Saturday, November 14, 2009

Potentially Serious Olympic Flooding


As noted earlier, a pineapple express event is now setting up, with clouds overhead right now a sign of the incoming warm front that will bring rain starting tonight.

The latest series of forecast model output shows extraordinary heavy rains on the SW side of the Olympics. Take a look at the attached 24-forecast rainfall predictions from the UW WRF (4-km). Just amazing. The first period (ending 4 AM on Monday ) shows 2-5 inches, while the second period (ending 4 AM on Tuesday) indicates area of 10-20 inches! This amount of precip will flood not only the flood-prone Skokomish watershed, but others as well. The North Cascades also gets heavy rain, and the rivers draining from it are vulnerable as well. Green River should be ok for this one....but more is coming.

Warm temperatures will flood our region starting tomorrow. Take a look at the 850 mb (around 5000ft) temperatures on Monday morning at 1 AM--a plume of very warm air with strong SW flow will be pushing straight in. All the nice new snow we got? Its toast---in meteorological speak...it is going to be "consolidated."

And did I mention the winds? Hold on to your hat...particularly on Monday. Winds will reach 50kt+ on the coast and over NW Washington over water...and 20-30 kts with higher gusts elsewhere.

. A serious and threatening event.

13 comments:

Josh said...

Looks like some goods winds will mix down here in BLI. Nice rainshadow to

Must read blogs said...

so does that high wind warning mean anything for us in the sw interior?

Joseph Ratliff said...

IMHO, it seems the "wind" part of this event has been downplayed on the media, focusing on the rain (because of flooding).

But as this gets closer, the predictions keep leaning toward a full-on windstorm for inland WA...the coast already is forecasted to get a nice punch of wind.

Scott K said...

It'd be nice to have a GOOD wind storm. These hit and miss ones kind of get old, like 'crying wolf'. :)

We are on the fence between heavy and moderate rain here in lake stevens according to those images, but we'll see. Clouds are rolling in now. At least I'll be home the next two days to really have fun watching this storm system move in.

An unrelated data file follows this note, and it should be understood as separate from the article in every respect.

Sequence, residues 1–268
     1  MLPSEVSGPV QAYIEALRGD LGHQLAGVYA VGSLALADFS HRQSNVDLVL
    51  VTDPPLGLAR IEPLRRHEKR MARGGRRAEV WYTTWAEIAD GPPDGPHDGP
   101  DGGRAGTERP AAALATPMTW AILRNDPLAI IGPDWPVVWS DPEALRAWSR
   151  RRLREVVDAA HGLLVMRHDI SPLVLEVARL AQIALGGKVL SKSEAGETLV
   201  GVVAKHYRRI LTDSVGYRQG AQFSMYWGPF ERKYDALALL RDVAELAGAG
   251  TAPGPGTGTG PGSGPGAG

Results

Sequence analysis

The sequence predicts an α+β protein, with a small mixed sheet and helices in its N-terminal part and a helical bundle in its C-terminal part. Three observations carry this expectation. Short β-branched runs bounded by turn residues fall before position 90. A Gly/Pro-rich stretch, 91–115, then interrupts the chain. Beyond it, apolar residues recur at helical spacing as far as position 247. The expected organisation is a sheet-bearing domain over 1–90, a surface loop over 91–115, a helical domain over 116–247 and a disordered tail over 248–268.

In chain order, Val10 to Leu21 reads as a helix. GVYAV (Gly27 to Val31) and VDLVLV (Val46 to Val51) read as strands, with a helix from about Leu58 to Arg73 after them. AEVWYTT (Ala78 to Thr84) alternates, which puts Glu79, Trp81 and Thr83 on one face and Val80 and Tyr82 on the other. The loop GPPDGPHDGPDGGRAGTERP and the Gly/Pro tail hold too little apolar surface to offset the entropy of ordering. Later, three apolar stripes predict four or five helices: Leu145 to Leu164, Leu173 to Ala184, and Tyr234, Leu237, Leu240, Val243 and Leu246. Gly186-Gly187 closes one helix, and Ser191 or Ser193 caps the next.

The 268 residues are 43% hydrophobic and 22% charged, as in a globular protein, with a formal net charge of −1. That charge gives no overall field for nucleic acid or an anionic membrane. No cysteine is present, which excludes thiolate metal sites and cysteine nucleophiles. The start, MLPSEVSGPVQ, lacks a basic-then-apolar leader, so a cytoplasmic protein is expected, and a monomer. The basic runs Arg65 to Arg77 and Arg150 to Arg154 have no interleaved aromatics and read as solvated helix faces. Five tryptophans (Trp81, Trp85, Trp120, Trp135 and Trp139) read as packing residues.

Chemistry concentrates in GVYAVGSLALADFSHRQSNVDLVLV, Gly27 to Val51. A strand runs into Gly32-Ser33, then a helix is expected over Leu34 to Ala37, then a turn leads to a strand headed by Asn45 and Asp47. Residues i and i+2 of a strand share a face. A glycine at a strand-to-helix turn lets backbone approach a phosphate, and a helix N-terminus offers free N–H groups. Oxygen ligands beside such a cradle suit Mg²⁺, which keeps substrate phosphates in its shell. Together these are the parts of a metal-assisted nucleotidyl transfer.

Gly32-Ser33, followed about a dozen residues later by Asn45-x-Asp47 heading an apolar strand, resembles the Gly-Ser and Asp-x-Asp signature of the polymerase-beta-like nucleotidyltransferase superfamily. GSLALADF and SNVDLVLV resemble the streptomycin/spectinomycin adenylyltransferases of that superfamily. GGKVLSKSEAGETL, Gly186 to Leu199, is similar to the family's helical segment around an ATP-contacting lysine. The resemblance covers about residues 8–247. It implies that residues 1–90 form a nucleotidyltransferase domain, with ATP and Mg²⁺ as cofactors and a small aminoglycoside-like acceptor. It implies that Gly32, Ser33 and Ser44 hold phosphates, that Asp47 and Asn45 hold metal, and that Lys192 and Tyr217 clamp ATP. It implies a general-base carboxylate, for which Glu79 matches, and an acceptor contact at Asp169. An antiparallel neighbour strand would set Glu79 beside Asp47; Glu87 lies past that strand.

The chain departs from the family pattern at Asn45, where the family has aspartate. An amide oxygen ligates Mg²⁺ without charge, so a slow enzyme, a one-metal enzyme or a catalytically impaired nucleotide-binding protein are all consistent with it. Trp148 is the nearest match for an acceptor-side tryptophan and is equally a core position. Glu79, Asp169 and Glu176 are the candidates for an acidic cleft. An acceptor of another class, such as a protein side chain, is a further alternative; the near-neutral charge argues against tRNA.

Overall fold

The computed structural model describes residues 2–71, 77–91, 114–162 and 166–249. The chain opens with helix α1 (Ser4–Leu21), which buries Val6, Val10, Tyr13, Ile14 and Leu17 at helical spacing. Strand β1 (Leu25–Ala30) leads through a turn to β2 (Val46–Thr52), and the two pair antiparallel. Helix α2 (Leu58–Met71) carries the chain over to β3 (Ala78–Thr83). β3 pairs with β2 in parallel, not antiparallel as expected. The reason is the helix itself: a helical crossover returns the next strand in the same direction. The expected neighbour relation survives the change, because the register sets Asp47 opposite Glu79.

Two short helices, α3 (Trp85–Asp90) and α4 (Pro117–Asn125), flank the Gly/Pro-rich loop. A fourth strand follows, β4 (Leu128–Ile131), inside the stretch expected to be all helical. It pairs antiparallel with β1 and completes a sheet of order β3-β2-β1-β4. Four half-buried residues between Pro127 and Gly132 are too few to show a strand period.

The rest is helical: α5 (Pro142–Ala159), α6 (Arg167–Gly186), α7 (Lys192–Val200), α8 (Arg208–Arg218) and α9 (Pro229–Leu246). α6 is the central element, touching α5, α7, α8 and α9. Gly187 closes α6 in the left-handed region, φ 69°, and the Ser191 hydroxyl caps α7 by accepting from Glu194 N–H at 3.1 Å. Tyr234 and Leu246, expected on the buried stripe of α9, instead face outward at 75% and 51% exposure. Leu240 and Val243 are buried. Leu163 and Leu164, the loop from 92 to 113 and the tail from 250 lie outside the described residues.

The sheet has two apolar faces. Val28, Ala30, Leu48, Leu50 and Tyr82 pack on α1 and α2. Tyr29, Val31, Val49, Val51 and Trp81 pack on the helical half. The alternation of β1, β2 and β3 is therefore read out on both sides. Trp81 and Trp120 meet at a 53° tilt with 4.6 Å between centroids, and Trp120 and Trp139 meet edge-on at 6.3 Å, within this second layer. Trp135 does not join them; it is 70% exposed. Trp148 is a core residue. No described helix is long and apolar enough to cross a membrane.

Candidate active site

I'll be keeping a close eye on this one! Keep us updated please, Cliff!

Scott K said...

Snow reported in south Everett (near everett Mall) about 15 minutes ago.

cprimm said...

Thanks for the heads up. Sorry to see all our new snow get "consolidated."

dayn_1 said...

Boy shes a wet one.

http://www.ssd.noaa.gov/goes/west/weus/loop-vis.html

Richard said...

"Pineapple" just doesn't convey the magnitude. Looks more like a juicy jumbo Watermelon Express. :) They're all over the place for the rain shadow in Port Angeles, be interesting to see what we actually get.

zmb said...

Cliff,

How will this windstorm compared to the one last week?

Corie said...

I liked windstorms better before I moved to a part of Olympia where my power goes out easily and we're on a well...no power, no water! sigh..ok...will go fill up the tub, get out the candles and flashlights!

From what I'm reading and hearing, it would be fun to be in a safe viewpoint on the coast tomorrow and Monday!

Scherer Family said...

So much for watching the Leonid meteor show on Tuesday morning! It is supposed to be quite spectacular this year too, bummer. Wonder if I can find any clear sky somewhere in Washington Tuesday morning from 2-4am?

Kenna Wickman said...

Usually with these storms (and depending upon where you are in respect to the lee of the Olympics) you still have a good chance to see the Leonids. These storms have sort of a way of shredding the clouds sometimes here - and you can get fleeting clear patches that are suitable for astronomical observations.

During the big Leonid shower early this decade (I forget which year) Kitsap was soaked in relentless fog. I found a clear patch west of the bridge near Shine Quarry and watched it from there (aware of possible cougars in my midst) and had perfect views of 3-6 meteors in the sky at any one moment for about 20 minutes. There were several people watching closer to the bridge.

For the really dedicated, you will want to go east of the Cascades. I did this for the solar eclipse in 1979. Portland was soaked in. Several went to Stonehenge in Maryhill and were fogged in. I think the observatory in Goldendale was acceptable. We were on some hummocky hills south of the Dalles, in the rain shadow of Mt. Hood and had perfect viewing conditions. We could see the edge of the shadow towards Bend, and saw the rarely seen phenomenon of Moire lines (interference bands) all over everything. The eclipse was dynamic and magnificent. After totality, several people started shouting "Encore! Encore!"

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